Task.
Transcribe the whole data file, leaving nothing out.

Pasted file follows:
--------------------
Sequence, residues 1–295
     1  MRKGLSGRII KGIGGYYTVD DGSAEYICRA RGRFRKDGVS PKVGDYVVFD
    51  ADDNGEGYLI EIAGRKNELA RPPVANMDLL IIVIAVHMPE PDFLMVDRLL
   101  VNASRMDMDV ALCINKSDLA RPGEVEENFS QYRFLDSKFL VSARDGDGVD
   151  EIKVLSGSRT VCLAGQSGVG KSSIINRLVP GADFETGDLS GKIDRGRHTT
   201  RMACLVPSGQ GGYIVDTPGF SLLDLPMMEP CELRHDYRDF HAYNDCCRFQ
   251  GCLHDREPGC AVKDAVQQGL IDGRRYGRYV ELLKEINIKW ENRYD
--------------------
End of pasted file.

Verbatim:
Sequence, residues 1–295
     1  MRKGLSGRII KGIGGYYTVD DGSAEYICRA RGRFRKDGVS PKVGDYVVFD
    51  ADDNGEGYLI EIAGRKNELA RPPVANMDLL IIVIAVHMPE PDFLMVDRLL
   101  VNASRMDMDV ALCINKSDLA RPGEVEENFS QYRFLDSKFL VSARDGDGVD
   151  EIKVLSGSRT VCLAGQSGVG KSSIINRLVP GADFETGDLS GKIDRGRHTT
   201  RMACLVPSGQ GGYIVDTPGF SLLDLPMMEP CELRHDYRDF HAYNDCCRFQ
   251  GCLHDREPGC AVKDAVQQGL IDGRRYGRYV ELLKEINIKW ENRYD